HARRISBURG, Pa., June 19 /PRNewswire-USNewswire/ -- Rural Pennsylvania needs fresh economic approaches and a comprehensive rural development vision to take advantage of a pause in the region's decline, according to a new study of Pennsylvania's rural economy by the Keystone Research Center titled The State of Rural Pennsylvania. "Pennsylvania's rural economy is now at a crossroads," says Dr. Stephen Herzenberg, an economist and co-author of the report. "Rural and state leaders face critical choices about how to best capitalize on recently improved economic trends while ensuring that some festering problems don't overwhelm progress." Among the positive recent developments, according to The State of Rural Pennsylvania: -- jobs in rural parts of the state have grown by 25% since 1987, nearly twice the 13% job growth of urban areas. -- Unemployment rates in rural and urban Pennsylvania are now nearly the same, a significant change from early 1983 when rural unemployment peaked at 17% but urban at only 12%. -- Per capita income is 38% higher in rural Pennsylvania than it was in 1979. "Rural Pennsylvania has clearly stabilized since the free fall of the 1980s," says report co-author and labor economist Dr. Mark Price. "Yet the long-term trends are still not good enough." Price explained that the report finds some causes for concern -- Between 1979 and 2004, the bottom 70 percent of rural Pennsylvanians experienced a decline in their taxable income. -- 16% of rural residents now lack health insurance, compared to 12% for residents in urban Pennsylvania. -- At the end of the 1970s, on average, rural Pennsylvanians earned 82% of what urban workers did. Now they earn 73% of what urban workers do. One significant obstacle to rural economic progress is rural Pennsylvania's educational attainment gap -- Only one in five rural Pennsylvanians aged 25-64 have a college degree compared with one in three in urban Pennsylvania. -- Well over half of rural Pennsylvania adults 25-64 (56%) have any education beyond high school. "In today's economy, lower education and skills hurt workers' chances for a good job and hurts businesses ability to compete in global markets," says Herzenberg. A second obstacle is the erosion of rural Pennsylvania's middle-class manufacturing base combined with a lack of growth in high-wage service jobs: -- One in six rural jobs remains in manufacturing, down from roughly one in three in the late 1960s (but more than the one in eight jobs urban Pennsylvania now has in manufacturing). -- In Rural Pennsylvania, higher-paying private service industries, such as information technology, professional services, and finance and insurance, account for just 12% of jobs. This compares with 20% in urban Pennsylvania. "Pennsylvania needs to do a better job of bolstering high-wage rural manufacturing," says Herzenberg, "while at the same time focusing new energy on creation of good jobs in the services." During recent decades of economic restructuring, the report notes, public programs have been an important source of economic stability in rural Pennsylvania. So-called "transfer payments" make up 22% percent of personal income in rural areas compared with 16% in urban Pennsylvania. Social Security, Medicare, and Medicaid payments account for the bulk of transfer payment income. To go beyond treading water to a new era of more robust prosperity, the report concludes, Pennsylvania needs a comprehensive new rural economic development strategy. "Even though 28% of the state's population lives in rural areas, rural Pennsylvania is too often an afterthought when it comes to state policy," says Herzenberg. "More than three decades since the shift to a global economy began, a real business plan for rural Pennsylvania is long overdue." A statewide vision and plan for rural Pennsylvania, Herzenberg adds, must be accompanied by the leadership and resources to customize and implement the plan in each of the state's rural economic regions. The State of Rural Pennsylvania also outlines policy specifics in four broad areas. First, to close rural Pennsylvania's education gap, the state needs to invest in education and skills. A centerpiece of this investment should be the creation of a rural community and four-year college system that will make postsecondary education and training accessible and affordable for all rural businesses and residents. Second, the state must move beyond antiquated smokestack chasing economic development policies and invest, on a regional basis, in key rural industries with potential for growth. In much of rural Pennsylvania, these assets include natural beauty and tourist destinations, town centers, a powerful sense of community, and, in some places, colleges and universities. Third, rural Pennsylvania has a powerful stake in state policies to promote more affordable access to health care and pensions. Fourth, rural Pennsylvania has a strong need for more progressive state taxation. As the state's poorest region, rural Pennsylvania funds an unfair share of state programs because state taxes take their largest bite out of the incomes of the less affluent. "Should the state fail to act," says Herzenberg, "it will force local governments to cope with global economic change without the resources and support they need to compete successfully. It is unrealistic to think that rural counties or municipalities, on their own, will be able to develop the capacities to compete with national states like China or India. In the global economy, that's almost exactly the problem they'll face without a real state rural development strategy."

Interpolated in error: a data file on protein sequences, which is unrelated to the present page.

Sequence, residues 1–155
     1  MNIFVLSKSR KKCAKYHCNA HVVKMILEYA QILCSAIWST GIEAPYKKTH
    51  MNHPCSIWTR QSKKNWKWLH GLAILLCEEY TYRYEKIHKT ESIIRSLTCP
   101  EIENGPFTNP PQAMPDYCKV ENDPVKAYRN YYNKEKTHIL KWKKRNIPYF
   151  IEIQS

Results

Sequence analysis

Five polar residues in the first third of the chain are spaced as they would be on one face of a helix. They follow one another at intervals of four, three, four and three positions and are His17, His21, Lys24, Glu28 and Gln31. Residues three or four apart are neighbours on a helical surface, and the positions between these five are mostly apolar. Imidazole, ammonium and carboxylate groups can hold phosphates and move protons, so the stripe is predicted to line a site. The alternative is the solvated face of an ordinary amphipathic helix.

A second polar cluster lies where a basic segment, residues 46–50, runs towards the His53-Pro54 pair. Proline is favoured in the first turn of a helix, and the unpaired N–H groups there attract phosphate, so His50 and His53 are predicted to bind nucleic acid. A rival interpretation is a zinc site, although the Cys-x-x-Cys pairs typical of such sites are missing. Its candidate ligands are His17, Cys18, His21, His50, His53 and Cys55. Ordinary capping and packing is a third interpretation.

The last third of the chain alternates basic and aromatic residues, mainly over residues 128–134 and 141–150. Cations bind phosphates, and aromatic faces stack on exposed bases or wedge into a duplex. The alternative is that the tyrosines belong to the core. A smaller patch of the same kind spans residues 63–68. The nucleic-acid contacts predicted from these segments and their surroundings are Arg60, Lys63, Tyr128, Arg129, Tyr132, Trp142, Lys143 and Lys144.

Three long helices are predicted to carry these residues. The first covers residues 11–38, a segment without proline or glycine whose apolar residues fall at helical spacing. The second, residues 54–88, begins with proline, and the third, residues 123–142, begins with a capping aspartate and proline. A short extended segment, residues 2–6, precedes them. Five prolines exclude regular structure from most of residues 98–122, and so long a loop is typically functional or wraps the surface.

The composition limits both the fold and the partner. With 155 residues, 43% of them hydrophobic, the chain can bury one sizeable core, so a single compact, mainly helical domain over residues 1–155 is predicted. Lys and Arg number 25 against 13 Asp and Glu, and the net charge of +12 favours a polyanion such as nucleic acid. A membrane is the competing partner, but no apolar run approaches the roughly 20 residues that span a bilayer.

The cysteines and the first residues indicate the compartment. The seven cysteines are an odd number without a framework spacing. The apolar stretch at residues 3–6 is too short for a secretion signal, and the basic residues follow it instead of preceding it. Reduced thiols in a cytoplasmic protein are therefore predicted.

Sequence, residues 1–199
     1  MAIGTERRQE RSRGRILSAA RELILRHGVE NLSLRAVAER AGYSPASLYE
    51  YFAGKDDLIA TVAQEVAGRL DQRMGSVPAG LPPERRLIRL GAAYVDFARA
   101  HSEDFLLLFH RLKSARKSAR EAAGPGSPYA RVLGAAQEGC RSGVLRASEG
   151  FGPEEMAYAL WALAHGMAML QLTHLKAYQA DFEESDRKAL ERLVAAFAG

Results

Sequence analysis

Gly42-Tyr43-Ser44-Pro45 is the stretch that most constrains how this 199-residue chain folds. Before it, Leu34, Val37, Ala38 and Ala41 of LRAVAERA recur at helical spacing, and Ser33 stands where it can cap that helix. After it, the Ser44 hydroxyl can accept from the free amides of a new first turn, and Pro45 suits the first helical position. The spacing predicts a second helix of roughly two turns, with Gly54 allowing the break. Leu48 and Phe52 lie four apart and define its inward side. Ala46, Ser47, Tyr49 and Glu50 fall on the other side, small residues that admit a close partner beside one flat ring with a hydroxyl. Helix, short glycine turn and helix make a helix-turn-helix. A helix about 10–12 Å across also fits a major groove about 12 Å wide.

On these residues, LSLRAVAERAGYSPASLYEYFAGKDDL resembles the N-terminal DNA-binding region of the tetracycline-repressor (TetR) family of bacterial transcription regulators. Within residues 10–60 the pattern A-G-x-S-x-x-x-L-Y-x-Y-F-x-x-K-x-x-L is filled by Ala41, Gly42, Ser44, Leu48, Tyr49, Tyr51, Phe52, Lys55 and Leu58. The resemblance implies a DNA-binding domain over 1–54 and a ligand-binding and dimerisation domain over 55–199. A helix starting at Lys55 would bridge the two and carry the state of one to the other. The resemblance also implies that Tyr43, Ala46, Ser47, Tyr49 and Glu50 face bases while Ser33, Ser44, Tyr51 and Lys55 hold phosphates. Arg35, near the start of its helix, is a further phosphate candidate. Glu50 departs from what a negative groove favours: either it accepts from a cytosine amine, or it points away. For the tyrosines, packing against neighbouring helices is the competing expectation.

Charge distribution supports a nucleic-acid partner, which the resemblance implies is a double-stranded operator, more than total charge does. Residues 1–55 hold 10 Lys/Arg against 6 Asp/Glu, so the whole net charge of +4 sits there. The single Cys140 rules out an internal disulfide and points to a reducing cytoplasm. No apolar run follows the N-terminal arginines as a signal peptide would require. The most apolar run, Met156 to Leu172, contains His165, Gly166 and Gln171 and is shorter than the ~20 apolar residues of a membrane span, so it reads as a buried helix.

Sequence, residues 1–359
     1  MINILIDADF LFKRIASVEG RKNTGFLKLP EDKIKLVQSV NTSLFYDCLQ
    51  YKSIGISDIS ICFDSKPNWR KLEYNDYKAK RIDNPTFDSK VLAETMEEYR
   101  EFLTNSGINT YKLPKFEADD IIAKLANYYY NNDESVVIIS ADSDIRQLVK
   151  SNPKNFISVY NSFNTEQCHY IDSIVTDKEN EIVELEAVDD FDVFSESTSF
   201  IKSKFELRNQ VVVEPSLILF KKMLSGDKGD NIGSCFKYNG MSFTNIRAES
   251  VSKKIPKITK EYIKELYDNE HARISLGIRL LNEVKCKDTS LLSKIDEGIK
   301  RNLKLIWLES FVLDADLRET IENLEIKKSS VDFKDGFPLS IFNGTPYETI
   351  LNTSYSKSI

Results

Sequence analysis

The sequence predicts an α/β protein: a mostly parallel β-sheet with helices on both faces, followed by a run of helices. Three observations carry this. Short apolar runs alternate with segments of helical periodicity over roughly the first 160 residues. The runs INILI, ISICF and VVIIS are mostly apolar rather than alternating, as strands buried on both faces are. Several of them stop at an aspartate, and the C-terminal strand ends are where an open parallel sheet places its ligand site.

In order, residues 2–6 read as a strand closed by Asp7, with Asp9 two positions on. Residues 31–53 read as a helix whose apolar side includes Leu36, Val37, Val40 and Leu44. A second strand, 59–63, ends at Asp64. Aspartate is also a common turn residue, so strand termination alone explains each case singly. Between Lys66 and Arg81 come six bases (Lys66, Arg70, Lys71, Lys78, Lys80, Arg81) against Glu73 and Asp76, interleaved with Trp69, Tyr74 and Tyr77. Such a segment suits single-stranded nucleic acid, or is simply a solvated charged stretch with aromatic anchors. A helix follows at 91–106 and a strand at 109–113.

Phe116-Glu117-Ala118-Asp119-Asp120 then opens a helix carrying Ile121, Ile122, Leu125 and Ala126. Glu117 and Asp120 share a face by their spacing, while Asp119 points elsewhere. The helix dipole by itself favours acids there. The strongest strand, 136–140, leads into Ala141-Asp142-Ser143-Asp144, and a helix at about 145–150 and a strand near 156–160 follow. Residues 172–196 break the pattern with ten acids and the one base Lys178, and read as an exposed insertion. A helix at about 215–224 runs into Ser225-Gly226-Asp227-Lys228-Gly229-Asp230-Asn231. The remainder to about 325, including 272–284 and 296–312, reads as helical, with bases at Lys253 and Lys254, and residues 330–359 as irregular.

SOURCE Keystone Research Center